We got the chance to sit down with Geron Davis and Tyler Brinson, the co-creators of the brand new release, Splendor of Heaven featuring the choir of First Baptist Cleveland. Geron and Tyler share about the process of putting this compelling collection together, the heart behind the songs, and how this project speaks to the glory of Christ’s eternal promise for all believers.
Where did the idea for this project start?
Geron Davis: I worked with Tyler’s dad about 25 ago years ago, so I’ve known Tyler since he was a kid. He came up through Voices [of Lee] and was on staff at Prestonwood in Dallas…He came to back to be Worship Pastor at First Baptist Cleveland, and he called me and said, “I want to do a project.” We went to sing at First Baptist and their choir and music program was just kicking. So he said, “I want to do a project, and I want to do it with you,” and I said I’d love to.
We started the whole process, and we took probably a year and a half at least picking songs. I’ve been a minister in music, and I’ve done a lot of projects with Brentwood Benson. I was a worship pastor and Tyler is a worship pastor, and the bottom line behind this project was we wanted to do a project that could really touch the hearts of people at a wide variety of places and demographics.
Tyler Brinson: It’s been such a blessing to serve at First Baptist Cleveland for about four and a half years now. The Lord is just moving in a mighty way at our church. The choir has tripled since the four and a half years that I’ve been there, so it’s amazing to see what God has been doing. We have about 160 plus voices now. I’ve grown up listening to Geron’s music and have always been inspired by him and his leadership in worship.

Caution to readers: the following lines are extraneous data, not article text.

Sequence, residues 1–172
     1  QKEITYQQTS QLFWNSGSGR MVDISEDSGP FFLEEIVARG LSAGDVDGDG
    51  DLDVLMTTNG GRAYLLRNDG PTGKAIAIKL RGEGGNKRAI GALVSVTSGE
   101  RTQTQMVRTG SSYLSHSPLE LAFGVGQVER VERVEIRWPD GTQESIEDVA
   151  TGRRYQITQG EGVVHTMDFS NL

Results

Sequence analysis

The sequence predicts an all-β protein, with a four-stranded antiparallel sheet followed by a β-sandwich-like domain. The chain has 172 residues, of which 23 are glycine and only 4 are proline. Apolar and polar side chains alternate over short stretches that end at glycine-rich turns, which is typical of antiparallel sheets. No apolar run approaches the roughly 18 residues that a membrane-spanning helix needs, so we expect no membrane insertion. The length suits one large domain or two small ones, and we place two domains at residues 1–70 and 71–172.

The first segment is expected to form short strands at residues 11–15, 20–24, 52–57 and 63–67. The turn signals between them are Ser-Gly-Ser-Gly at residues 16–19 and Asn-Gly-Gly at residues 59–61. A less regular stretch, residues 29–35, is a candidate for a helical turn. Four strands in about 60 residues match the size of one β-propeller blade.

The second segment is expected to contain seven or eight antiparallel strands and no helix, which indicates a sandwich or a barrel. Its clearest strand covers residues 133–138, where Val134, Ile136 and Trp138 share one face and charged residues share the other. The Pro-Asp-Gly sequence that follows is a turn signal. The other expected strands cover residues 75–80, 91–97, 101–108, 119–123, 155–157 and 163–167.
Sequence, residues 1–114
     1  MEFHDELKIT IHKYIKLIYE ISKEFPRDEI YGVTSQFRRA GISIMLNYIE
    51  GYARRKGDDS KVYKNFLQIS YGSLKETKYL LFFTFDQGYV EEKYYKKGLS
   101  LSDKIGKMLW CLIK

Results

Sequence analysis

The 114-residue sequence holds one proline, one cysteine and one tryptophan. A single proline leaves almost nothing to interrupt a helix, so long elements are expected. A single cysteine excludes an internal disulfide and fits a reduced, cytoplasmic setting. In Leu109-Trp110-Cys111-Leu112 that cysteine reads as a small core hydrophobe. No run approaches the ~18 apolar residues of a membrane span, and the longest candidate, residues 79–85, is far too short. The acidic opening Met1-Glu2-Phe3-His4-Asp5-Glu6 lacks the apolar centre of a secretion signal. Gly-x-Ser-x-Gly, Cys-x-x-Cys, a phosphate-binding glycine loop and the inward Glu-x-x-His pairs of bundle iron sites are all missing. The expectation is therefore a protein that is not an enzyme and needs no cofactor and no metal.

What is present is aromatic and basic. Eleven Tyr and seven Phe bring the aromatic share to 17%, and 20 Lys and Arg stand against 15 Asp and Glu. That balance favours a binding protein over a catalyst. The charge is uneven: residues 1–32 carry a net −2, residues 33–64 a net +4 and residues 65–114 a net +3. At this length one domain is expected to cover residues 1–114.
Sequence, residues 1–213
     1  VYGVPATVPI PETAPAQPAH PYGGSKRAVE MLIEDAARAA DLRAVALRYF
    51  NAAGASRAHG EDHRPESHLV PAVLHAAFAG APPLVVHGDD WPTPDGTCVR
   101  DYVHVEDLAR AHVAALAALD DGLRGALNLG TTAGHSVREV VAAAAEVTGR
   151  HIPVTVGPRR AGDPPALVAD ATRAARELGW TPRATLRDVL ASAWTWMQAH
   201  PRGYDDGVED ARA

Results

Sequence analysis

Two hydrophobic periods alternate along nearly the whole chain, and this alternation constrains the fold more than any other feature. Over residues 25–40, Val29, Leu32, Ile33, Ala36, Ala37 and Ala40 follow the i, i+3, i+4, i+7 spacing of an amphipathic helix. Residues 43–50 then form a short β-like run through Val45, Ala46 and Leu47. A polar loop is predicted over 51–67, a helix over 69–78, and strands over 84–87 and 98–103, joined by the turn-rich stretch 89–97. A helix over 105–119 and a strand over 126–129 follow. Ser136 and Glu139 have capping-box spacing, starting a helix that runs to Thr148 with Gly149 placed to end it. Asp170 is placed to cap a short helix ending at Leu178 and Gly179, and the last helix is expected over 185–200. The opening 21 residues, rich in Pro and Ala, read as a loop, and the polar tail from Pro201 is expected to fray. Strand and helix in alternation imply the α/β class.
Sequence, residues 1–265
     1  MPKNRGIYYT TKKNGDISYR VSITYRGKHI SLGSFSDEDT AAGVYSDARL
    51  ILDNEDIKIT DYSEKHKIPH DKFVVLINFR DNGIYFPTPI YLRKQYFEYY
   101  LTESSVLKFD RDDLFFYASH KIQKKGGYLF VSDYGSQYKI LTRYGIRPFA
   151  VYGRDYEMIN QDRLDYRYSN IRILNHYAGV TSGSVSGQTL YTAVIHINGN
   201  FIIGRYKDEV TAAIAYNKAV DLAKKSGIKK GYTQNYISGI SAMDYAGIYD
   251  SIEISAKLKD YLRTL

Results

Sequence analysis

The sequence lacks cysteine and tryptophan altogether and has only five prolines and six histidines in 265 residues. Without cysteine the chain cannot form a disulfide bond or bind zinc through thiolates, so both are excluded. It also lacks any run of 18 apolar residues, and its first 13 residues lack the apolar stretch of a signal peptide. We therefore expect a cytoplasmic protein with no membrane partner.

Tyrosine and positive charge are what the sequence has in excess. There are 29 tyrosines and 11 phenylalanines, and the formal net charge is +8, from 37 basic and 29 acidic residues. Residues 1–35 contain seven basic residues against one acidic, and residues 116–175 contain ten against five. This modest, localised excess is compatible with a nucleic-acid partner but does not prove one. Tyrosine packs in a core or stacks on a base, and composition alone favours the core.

This past January, the choir at First Baptist Cleveland hosted an incredible night of worship with the songs of Splendor of Heaven. How did the church respond to the songs and message of this night?
TB: We had a packed house both nights for our premiere, and it was just incredible to see the response of the congregants that came and all of the people that came from near and wide from Cleveland and outside of Cleveland as well. I had several people tell me different songs on the project was their favorite song. That’s pretty neat because usually on an album you’ll get one or two songs as the most that people say, ‘This is my favorite song.” I probably had about 7 or 8 of the 10 songs that were people’s favorite on the project.
It’s been an overwhelming response from people. We’ve been singing [the songs] now, teaching them to our congregation at First Baptist Church each Sunday morning since the premiere in January. They’re just loving it, and it’s blessing people. It’s amazing to see what God is doing just at First Baptist right now through this project, so we’re excited to see this grow and expand God’s kingdom.
GD: The cool thing is from a variety standpoint, we’ve got big ballads, full orchestra, gospel, black gospel…and then we have a song that a friend of mine and I wrote in the style of Mumford and Sons. At the premiere, we had everything from B-3 jamming with horns to this Mumford song we had a banjo, a fiddle, a mandolin and an upright bass come out and play with us on stage. I’ve never seen anybody do that with a choir.